28

In HBO mini-series Chernobyl there is a subplot that spans 2(?) episodes involving a young draftee Pavel, played by Barry Keoghan.

I'd say he's quite a famous actor but in the series he's just shooting stray dogs for a few minutes of screen time.

I can understand the significance of the other subplots in the series but this one eludes me.

What was the significance to this subplot? Was there any relation to real world events?

34

Yes, there is a connection to real world events: According to the wikipedia article about the liquidators, there were ~600 000 people "cleaning up" the area including shooting animals, removing soil, etc. - Thanks to those people, all long-term issues with Chernobyl have been rather local. Due to the high number of people involved, this is a big part of the story to be told, and it shows the audience one of the negative consequences (young men killing animals which is traumatizing them for their life) even for people not directly involved in the nuclear catastrophe in the first place.

| improve this answer | |
  • 6
    I see reports that over a million people were affected (probably a few million) but I don't see reports that over a million people died. Wikipedia, BBC, Washington Post, Times Union – joeytwiddle Jul 27 at 5:46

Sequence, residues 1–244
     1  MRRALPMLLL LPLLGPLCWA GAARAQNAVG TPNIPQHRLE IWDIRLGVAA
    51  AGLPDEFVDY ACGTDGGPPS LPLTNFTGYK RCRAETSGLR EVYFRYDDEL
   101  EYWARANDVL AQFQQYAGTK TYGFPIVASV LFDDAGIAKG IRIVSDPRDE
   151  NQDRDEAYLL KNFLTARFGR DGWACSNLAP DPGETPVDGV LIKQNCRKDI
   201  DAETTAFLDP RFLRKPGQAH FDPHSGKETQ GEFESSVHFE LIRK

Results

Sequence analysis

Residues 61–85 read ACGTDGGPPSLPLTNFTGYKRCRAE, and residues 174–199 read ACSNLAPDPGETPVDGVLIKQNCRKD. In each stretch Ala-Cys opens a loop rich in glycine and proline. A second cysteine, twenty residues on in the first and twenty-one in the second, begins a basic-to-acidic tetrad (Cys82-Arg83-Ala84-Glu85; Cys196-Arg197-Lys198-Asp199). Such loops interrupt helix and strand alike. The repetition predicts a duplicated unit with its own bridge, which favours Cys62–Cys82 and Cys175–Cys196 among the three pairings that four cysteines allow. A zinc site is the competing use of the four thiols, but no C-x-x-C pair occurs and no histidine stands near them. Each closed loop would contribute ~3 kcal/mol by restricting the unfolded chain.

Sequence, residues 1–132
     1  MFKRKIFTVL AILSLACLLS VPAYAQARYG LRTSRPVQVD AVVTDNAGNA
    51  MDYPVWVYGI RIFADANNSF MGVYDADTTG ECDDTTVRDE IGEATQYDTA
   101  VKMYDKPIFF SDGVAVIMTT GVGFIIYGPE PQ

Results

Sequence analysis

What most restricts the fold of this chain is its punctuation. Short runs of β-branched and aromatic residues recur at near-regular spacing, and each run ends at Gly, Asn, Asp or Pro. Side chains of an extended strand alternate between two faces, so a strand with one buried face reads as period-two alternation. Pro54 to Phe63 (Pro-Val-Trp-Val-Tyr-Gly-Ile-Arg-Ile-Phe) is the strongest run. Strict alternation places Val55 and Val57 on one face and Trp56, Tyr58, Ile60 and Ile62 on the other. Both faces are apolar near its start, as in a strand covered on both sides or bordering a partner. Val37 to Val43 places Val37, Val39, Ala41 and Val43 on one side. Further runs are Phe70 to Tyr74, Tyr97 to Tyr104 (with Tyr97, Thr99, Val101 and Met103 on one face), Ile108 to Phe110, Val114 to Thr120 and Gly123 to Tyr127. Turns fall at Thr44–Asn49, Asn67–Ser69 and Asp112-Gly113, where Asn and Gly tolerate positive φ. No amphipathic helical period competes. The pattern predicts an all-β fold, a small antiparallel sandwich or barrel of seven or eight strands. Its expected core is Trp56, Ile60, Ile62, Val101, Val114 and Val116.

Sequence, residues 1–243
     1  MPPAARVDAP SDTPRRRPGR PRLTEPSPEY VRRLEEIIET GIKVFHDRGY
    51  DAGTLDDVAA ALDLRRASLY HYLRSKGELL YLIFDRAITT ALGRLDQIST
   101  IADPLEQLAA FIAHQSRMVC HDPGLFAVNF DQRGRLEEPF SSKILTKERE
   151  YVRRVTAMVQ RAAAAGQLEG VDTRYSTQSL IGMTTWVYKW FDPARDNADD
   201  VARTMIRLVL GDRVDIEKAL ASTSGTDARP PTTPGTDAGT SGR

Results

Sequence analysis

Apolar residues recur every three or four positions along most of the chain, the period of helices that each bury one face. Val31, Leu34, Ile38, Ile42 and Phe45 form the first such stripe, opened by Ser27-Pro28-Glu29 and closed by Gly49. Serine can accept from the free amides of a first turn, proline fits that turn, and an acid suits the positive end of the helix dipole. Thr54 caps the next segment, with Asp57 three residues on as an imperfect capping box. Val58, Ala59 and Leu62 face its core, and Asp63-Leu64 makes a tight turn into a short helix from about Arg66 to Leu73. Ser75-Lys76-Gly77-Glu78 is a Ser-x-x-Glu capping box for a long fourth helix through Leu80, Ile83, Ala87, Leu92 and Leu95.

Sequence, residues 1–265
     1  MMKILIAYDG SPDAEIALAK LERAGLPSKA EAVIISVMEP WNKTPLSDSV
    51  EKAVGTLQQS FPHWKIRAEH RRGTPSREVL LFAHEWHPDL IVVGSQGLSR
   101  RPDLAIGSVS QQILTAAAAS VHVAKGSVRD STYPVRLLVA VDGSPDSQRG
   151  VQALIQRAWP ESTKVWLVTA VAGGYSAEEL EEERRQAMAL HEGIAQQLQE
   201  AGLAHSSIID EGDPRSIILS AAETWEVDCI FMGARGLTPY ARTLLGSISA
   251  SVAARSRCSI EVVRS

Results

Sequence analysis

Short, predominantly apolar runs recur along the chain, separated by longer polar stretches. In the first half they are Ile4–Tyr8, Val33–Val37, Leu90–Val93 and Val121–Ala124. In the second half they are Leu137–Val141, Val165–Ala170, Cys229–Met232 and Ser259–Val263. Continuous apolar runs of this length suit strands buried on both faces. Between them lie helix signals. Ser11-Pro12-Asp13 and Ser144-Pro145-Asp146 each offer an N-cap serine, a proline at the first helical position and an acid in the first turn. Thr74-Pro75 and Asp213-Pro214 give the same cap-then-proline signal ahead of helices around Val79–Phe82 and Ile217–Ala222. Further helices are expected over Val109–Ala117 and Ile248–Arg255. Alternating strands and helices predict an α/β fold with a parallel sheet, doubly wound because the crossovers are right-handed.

• 8
    @Möoz Yeah, that’s an urban legend. With the liquidators, most evidence supports the idea that the Soviets got it right. That’s part of why they used so many liquidators; they did not allow them to stay long enough to get radiation poisoning. – Harper - Reinstate Monica Jul 27 at 8:25
  • 12
    "young men killing animals which is traumatizing them for their life". Err... you know about those people called "hunters"? Actually pretty much anybody who wasn't living super-sheltered strictly urban life would hardly be traumatized by killing animals, especially knowing exact reason why it was necessary. At least in Russia of 198x - I'm not sure how it works in USA today. Also, I'm pretty sure many "young peoples" around the world killed an animal today and will do so tomorrow without any trauma. – Oleg V. Volkov Jul 27 at 15:43
  • 10
    @OlegV.Volkov: It may be a case of cultural values regarding specific types of animals, as well. In the USA, the rate of veterinarians who commit suicide is 2-5 times higher than the national average. On the other hand, I have met people who work in slaughter houses who could not think of hurting a dog, but would have no problem killing and butchering a cow. Whereas in India, lynch mobs have been known to form over cows being killed. – sharur Jul 27 at 18:06
  • 13
    @OlegV.Volkov Yes, they are (semi) professional hunters killing wild animals for sport. Killing a dog that just had puppies or a cat that comes to you asking for food and cuddles is completely different experience. Is it necessary? Yes, but definitely also traumatizing for the draftees (who might have never killed anything) – Yasskier Jul 27 at 23:24

You must log in to answer this question.

Not the answer you're looking for? Browse other questions tagged .